2019 hot car deaths surpass yearly national average
Despite numerous warnings and national news stories on hot car deaths, children are dying of vehicular heatstroke at a staggering rate. Forty children have died after being left alone in a hot vehicle so far in 2019, according to the National Safety Council.
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That number has already surpassed the national yearly average of 38 hot car deaths. There was a record 53 deaths recorded in 2018.
This week the Alliance of Automobile Manufacturers and the Association of Global Automakers announced that automakers would voluntary add rear seat warnings to new vehicles.
These alerts could be a combination of “auditory and visual alerts” that will turn on after the driver turns off the vehicle. The auto industry has committed, according to the auto alliance, to have a rear seat alert system in place in “essentially” all new cars and trucks by model year 2025.
“Automakers have been exploring ways to address this safety issue and this commitment underscores how such innovations and increased awareness can help children right now,” Alliance Interim President and CEO David Schwietert said in a statement.
The National Safety Council praised the automakers’ decision but said it needs to move quickly in order to save lives.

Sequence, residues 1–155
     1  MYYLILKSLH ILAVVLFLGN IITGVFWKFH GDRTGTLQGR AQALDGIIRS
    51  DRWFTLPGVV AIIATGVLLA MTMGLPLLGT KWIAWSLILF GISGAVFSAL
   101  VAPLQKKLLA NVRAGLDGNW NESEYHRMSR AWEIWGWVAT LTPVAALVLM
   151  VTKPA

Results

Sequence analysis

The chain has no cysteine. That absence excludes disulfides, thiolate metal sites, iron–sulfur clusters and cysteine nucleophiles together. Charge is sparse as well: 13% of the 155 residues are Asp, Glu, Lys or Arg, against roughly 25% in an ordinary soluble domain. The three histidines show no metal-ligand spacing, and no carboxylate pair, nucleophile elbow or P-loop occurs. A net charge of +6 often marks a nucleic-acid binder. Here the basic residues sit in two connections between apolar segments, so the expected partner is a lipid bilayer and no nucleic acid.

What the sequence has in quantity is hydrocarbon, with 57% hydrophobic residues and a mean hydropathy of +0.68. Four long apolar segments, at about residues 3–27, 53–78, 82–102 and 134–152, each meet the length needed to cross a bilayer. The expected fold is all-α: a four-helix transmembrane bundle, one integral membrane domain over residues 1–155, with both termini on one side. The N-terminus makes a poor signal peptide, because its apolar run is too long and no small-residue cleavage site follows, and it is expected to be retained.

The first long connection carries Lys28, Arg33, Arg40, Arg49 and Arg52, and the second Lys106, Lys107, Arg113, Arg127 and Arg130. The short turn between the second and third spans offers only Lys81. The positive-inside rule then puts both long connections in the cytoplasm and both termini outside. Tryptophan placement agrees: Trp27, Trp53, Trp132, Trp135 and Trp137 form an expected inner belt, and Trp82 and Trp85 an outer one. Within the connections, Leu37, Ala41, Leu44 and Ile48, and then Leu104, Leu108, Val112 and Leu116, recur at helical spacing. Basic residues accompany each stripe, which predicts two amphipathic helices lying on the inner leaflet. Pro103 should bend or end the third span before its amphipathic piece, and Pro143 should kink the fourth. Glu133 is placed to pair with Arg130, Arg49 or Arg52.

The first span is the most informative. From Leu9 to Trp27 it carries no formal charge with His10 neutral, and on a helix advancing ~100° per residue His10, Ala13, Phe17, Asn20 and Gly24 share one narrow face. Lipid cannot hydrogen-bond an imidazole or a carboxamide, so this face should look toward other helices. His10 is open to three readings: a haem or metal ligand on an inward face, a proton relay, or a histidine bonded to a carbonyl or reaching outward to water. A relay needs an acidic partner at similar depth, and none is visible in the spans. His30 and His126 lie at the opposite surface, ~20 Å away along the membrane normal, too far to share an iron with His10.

“Automakers took a step in the right direction Wednesday, adding another layer of protection against these tragedies,” the council said in a statement. “Automakers should move fast on their commitment and continue to collaborate on additional protections that can be provided to all our drivers.”
From 1998-2018 the National Safety Council said nearly 800 children have died in hot cars: 53.8% of hot car deaths were because the children were forgotten, 26.3% died after gaining access unknowingly and 18.6% died after being knowingly left in the car.
KidsaAndCars.org said the auto alliance’s plan falls short because the alerts don’t address “nearly a third” of hot car deaths that involve children gaining access to the vehicle.
“This is an outrageous attempt by the automakers to avoid an enforceable safety standard,” Joan Claybrook, former administrator of the National Highway Traffic Safety Administration, said in a news release. “They should have added detection systems to their vehicles decades ago when auto manufacturers told all parents to move their children to the back seat due to the decision of some automakers to install overpowered airbags.”
KidsandCars also said the voluntary agreement is “non-binding and unenforceable,” so there’s no way to hold automakers accountable to follow through on their commitment.
“While the public waits for these systems to be offered as standard equipment at the pace determined by the manufacturers, families continue burying children week after week after week,” the organization said.
Children as young as 5 days and as old as 14 years have died in hot car deaths. More than half of those deaths were children under the age of 2.
Children should never be left alone in a car, even if parents think they’ll be just a few minutes, the Safety Council said. On a 70-degree day, it takes only 15 minutes for the car to reach 96 degrees. On an 80-degree, it takes only 10 minutes to reach 100 degrees.